Morris Sun Tribune Staff
- Member for
- 4 years 8 months
ST. PAUL Its better a little late than never for the Minnesota Legislature. After a 2005 session that stretched two months too long, and resulted in a partial government shutdown, lawmakers headed home for the year Sunday night when they finished an unexpected brief final meeting and heard speeches from retiring members. The concluding meeting was the first time the Senate has met on a Sunday and only the second time for the House. Leaders had planned to end work by 7 a.m. Sunday, which state law considers the end of the legislative Saturday.
Albert Ernest Svor, age 93, of Benson, passed away on Sunday afternoon at Homestead Place North in Benson. Funeral services for Albert Svor were held on Thursday, May 18, at Shepherd of the Hills Lutheran Church in Swift Falls. The Reverend Pari Bailey officiated. Burial was in St. Pauli Lutheran Cemetery in Camp Lake Township, Swift County. The Zniewski Funeral Home of Benson was in charge of arrangements. Albert Ernest Svor was born on August 13, 1912, in Camp Lake Township, Swift County, the son of Ole A. and Bertha Christine (Lyslo) Svor.
Bruce Bailey Burnes, age 73, of Red Wing, passed away on Wednesday, May 17, after a three-year struggle with multiple myeloma. A celebration of his life will be held at 1 p.m. on Saturday, May 27, at Unity Unitarian Church in St. Paul, with interment in Glen Haven Cemetery, Crystal, Minnesota. The family requests no flowers. Donations may be made to the Multiple Myeloma Research Foundation. Bruce was born in Red Wing and graduated from Central High School in Minneapolis. He earned his undergraduate degree from Macalester College in St.
For almost 20 years, the University of Minnesota, Morris had been hatching plans for a new place to play football. Morris Area football teams had spent decades busing from the high school to Coombe Field and preparing for games in dank locker rooms at the old elementary school.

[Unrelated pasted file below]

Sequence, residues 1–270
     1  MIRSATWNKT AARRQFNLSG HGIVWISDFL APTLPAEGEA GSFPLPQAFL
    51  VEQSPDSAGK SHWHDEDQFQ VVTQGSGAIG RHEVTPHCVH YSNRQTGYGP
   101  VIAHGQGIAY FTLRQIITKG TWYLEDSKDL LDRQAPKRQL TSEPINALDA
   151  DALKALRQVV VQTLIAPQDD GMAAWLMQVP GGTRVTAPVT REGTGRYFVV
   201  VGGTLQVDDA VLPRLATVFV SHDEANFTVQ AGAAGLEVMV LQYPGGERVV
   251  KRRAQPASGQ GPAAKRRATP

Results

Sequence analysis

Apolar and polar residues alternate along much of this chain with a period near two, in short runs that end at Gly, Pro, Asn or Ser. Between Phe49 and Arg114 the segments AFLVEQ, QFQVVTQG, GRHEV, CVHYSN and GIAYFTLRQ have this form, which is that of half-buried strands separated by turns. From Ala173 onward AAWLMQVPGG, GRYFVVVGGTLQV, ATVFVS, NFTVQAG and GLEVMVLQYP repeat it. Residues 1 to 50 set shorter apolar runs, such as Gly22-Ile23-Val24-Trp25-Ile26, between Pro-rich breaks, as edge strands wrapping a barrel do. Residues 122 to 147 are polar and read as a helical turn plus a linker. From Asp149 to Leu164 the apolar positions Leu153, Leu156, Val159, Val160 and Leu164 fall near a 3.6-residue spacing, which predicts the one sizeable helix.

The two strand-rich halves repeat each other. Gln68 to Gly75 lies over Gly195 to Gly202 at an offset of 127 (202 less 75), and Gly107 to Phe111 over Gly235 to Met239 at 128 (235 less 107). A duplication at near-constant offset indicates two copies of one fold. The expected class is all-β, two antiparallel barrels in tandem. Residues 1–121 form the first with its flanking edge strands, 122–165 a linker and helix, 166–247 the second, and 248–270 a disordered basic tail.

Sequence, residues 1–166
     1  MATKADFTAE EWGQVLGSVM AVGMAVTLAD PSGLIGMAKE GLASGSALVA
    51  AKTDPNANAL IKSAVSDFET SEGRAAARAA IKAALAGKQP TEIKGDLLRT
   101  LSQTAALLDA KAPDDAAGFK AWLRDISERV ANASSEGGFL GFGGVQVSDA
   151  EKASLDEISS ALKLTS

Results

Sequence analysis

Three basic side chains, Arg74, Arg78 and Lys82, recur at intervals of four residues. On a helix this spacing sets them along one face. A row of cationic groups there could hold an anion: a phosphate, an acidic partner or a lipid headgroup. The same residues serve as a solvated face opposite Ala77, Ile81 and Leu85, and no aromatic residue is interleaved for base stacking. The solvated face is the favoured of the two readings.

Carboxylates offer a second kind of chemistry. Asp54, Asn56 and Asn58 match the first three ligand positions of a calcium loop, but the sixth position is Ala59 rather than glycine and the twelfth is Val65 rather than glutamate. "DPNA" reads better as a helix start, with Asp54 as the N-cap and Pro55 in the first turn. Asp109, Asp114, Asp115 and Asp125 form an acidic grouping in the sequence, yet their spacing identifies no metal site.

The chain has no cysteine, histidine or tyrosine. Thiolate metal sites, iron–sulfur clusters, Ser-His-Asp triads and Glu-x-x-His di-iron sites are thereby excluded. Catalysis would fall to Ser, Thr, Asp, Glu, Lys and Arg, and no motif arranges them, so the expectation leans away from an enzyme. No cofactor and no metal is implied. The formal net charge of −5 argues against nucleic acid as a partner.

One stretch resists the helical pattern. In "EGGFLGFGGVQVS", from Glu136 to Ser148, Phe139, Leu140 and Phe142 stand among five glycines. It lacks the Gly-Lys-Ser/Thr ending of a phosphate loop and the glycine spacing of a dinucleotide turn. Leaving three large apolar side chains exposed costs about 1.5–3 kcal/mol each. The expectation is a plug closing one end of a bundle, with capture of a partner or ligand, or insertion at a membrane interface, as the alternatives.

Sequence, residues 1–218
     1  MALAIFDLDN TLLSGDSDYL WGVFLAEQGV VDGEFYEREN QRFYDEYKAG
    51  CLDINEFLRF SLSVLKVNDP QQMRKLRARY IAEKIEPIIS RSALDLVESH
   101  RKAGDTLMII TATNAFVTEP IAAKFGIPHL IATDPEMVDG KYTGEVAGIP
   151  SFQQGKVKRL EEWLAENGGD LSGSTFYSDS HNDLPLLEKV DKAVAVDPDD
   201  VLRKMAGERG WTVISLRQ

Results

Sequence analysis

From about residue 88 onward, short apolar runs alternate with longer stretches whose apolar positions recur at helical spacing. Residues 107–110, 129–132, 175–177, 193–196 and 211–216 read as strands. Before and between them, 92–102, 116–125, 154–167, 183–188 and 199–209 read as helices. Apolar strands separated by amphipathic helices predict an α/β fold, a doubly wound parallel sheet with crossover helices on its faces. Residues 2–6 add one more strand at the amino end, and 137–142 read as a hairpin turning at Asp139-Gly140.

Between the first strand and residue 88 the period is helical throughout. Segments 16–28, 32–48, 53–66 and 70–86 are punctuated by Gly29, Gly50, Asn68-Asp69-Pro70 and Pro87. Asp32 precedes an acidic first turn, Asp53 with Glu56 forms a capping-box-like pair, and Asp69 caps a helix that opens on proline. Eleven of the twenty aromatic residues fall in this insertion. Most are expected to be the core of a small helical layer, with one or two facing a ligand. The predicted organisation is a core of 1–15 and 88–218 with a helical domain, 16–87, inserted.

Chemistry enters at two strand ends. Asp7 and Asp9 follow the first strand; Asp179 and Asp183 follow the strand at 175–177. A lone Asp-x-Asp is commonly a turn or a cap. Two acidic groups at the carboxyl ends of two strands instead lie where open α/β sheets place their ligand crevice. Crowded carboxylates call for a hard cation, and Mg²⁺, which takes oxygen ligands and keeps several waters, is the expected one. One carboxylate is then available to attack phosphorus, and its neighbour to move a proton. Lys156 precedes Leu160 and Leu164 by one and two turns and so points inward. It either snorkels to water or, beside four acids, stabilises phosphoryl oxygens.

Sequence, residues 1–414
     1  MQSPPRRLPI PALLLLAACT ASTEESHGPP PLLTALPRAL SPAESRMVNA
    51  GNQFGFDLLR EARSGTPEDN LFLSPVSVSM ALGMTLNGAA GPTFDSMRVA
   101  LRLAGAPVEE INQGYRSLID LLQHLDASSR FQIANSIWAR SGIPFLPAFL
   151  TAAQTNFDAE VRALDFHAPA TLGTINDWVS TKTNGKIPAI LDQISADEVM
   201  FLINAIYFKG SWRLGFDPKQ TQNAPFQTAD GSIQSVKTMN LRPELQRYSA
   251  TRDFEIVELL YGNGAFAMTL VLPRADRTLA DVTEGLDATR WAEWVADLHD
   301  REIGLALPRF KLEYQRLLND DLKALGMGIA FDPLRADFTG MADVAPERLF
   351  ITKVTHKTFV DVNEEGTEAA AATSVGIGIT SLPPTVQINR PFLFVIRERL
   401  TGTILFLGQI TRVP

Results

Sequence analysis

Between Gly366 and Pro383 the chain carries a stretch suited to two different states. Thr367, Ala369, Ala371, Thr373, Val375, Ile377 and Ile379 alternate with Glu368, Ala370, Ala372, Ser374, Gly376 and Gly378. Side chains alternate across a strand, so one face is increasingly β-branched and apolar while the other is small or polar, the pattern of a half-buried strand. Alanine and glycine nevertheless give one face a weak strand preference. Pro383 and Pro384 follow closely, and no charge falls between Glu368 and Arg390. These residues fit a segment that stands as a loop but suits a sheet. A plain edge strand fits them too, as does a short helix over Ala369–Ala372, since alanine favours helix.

Stevens County residents will obviously see tax increases should commissioners approve jail construction and renovation projects at the courthouse. But how much the increases would be, and if county taxpayers would get a chance to vote on them, still is to be decided. And it could get complicated. The county commissioners met Tuesday with Carolyn Drude, of the financial consulting firm Ehlers & Associates, to discuss various financial options and the tax impact of new law enforcement facilities. The county is considering an $8.86 million project that would include a 40-bed jail and new fac
Louisiana Gov. Kathleen Babineaux Blanco will give the Opening Convocation for UMM's 2006 First Year Seminar on Sept. 5. Gov. Blanco was originally scheduled to present the convocation for the 2005 First Year Seminar. However, due to the tragedy of Hurricane Katrina, her visit to UMM was postponed. Gov. Blanco is the mother of Morris resident Pilar Eble, and mother-in-law of Michael Eble, assistant professor of studio art and curator of the Humanities Fine Arts Gallery at UMM. On Jan.
The second inning was big for the MAHS Tigers in game 1 of their Monday doubleheader against the ACGC Falcons. Monday was day 1 of back-to-back doubleheaders for the MAHS girls, giving fans abundant opportunity to appreciate the diamond action. Tiger fans greatly enjoyed what they saw in the second inning of Mondays game 1.
Several Morris Area High track and field athletes made the all-conference circle with their performances Thursday at Montevideo. Sprinter Jimmi Lembcke ran the 100 meters in an 11.69 time to place first and garner all-conference. The All-WCC-South distinction was also captured by the 4x800m relay team composed of Justin Lund, Nathan Lund, Brian Wall and Aaron Lund.
By Nathaniel Hart Once, while hiking in northern Minnesota, lost in thought and paying little attention to the trail, I suddenly sensed that I was not alone. I looked sharply ahead and spied a large black bear lumbering down the path toward me, completely unaware of my presence. A black bear in the wild is a marvelous sight. The forest is his home and he fears nothing in it. He moves in luxurious ease, careless of anything that might seem to be in his way, his manner so unlike the nervous twitching or intense watchfulness of a rabbit or deer.
By Ted Kooser Contrary to the glamorized accounts we often read about the lives of single women, Amy Fleury, a native of Kansas, presents us with a realistic, affirmative picture. Her poem playfully presents her life as serendipitous, yet she doesn't shy away from acknowledging loneliness. At Twenty-Eight It seems I get by on more luck than sense, not the kind brought on by knuckle to wood, breath on dice, or pennies found in the mud. I shimmy and slip by on pure fool chance.